“Tyrone’s been really vocal with me. He and I talk a lot, especially the past two years, but really started in the spring," Singer said. "We worked out a lot together this spring and this summer. We really like playing with each other, so we were really trying to work off each other, in the beginning of the year, and since he’s gone down, he says nothing changes. You've got to stay aggressive, you’ve got to do what you do. He doesn’t want me to try to replace him, scoring-wise, because we have different strengths. He’s been trying to keep me encouraged, telling me to do what I do, be confident, take what the defense gives me, run the team.”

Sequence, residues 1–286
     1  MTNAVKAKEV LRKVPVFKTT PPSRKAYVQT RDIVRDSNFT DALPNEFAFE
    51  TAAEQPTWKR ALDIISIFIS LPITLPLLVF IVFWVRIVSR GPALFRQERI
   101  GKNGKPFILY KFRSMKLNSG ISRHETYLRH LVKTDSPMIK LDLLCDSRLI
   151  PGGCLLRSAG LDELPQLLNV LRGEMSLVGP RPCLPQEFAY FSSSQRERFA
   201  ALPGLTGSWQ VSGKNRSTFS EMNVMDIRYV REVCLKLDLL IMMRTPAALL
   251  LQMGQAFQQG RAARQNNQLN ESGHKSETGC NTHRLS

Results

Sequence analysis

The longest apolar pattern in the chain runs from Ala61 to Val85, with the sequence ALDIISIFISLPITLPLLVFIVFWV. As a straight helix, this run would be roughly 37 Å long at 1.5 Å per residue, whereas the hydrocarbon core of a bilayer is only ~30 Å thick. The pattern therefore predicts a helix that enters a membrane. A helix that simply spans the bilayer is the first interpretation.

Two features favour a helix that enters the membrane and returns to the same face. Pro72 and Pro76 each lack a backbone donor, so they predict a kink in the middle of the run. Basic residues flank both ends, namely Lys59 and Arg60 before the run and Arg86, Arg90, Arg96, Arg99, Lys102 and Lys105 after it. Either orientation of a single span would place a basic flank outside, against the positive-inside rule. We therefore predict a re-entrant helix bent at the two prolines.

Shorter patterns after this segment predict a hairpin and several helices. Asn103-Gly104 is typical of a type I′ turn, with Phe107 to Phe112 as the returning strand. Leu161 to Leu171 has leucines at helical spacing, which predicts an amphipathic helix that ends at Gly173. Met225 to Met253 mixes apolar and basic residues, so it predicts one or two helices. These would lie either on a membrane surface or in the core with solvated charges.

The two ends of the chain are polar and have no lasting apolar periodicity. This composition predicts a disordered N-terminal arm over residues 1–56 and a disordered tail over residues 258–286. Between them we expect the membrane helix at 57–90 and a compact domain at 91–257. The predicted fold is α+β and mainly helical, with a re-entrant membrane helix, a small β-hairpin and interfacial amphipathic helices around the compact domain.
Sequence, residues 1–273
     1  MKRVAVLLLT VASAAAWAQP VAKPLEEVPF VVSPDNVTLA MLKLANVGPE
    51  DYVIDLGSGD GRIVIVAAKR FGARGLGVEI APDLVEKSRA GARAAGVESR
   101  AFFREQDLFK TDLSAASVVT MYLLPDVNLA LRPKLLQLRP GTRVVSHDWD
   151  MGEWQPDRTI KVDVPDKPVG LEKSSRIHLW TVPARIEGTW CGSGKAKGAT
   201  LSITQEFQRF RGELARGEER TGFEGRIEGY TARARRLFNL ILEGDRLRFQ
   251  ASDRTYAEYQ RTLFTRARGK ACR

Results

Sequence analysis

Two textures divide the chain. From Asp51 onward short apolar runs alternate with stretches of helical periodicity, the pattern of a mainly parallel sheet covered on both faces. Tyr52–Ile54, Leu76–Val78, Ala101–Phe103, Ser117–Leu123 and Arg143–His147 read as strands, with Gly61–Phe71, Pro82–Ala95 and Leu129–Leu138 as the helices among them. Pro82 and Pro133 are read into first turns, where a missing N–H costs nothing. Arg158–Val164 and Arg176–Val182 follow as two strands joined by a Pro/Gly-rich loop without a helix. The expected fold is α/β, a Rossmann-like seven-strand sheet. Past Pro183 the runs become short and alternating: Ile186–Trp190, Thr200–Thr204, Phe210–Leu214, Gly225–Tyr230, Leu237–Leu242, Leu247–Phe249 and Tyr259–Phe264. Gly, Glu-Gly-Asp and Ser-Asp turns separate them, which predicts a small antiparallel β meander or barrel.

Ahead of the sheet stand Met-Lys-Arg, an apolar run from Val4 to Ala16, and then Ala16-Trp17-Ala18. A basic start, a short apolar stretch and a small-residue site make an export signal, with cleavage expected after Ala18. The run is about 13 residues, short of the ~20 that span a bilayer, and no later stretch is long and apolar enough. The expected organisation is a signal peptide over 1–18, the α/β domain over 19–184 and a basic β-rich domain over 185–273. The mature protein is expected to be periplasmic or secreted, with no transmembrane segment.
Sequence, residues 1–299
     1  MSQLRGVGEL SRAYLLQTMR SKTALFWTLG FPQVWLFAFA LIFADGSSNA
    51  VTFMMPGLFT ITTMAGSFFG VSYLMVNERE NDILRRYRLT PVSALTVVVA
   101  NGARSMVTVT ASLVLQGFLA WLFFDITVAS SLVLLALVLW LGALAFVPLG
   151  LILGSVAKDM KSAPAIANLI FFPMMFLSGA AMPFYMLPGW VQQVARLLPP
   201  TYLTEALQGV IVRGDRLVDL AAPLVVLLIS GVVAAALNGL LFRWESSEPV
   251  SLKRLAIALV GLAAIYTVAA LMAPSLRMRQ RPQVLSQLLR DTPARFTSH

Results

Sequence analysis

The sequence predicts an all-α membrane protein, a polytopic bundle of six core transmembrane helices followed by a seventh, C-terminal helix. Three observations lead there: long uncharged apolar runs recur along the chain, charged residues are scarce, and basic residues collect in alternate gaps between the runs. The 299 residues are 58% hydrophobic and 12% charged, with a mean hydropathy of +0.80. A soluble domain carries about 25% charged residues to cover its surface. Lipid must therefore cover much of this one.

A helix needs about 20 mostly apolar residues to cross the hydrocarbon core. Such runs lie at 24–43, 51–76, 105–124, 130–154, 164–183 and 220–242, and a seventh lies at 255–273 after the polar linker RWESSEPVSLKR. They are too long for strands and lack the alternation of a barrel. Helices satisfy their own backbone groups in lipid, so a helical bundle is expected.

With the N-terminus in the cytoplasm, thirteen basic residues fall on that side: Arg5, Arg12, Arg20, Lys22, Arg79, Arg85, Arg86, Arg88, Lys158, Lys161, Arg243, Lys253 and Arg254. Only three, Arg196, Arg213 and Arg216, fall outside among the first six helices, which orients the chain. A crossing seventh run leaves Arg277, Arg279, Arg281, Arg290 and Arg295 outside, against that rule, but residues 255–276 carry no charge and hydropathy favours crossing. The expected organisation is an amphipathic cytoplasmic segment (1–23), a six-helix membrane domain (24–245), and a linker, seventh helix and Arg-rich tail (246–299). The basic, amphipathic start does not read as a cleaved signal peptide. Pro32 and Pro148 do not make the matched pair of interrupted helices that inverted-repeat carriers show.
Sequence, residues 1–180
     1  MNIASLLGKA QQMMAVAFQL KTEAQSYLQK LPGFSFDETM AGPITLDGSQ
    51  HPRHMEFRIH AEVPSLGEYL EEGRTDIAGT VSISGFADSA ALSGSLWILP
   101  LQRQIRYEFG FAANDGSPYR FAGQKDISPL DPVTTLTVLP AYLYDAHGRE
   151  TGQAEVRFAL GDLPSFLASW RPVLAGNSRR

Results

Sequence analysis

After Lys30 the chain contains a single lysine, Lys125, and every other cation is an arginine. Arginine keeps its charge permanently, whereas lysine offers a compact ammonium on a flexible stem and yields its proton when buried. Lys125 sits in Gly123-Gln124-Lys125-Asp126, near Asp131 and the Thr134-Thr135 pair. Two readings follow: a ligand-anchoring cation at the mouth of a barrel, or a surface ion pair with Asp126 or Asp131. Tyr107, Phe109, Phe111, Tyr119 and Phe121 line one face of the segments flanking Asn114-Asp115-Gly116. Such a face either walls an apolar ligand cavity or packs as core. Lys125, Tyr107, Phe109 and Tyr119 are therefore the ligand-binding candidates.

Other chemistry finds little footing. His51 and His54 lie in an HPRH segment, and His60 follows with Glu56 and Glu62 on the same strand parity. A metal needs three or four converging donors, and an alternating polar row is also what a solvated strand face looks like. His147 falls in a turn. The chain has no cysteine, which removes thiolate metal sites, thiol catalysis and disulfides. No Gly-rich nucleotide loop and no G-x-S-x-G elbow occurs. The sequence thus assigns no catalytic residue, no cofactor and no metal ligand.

Arguably Cal's best option when Wallace returns is to put Singer at the point and Wallace off the ball, which has proven to be very effective, in spurts, and is a situation that Martin alluded to. Now, Wallace brings something more to the table than when he went down.

“Absolutely. I think he has a different perspective now, watching from the bench, that you don’t see in a game," Singer said. "Obviously, in games, it’s hard to see what other guys are doing, so from the bench, he’s able to see some of the mistakes we’re making, and he’s been more vocal in time outs, during games, and even when we’re watching film. He’s kind of giving us that senior leadership now, from the bench.” When he returns, it would be a matter of putting what he's learned into practice.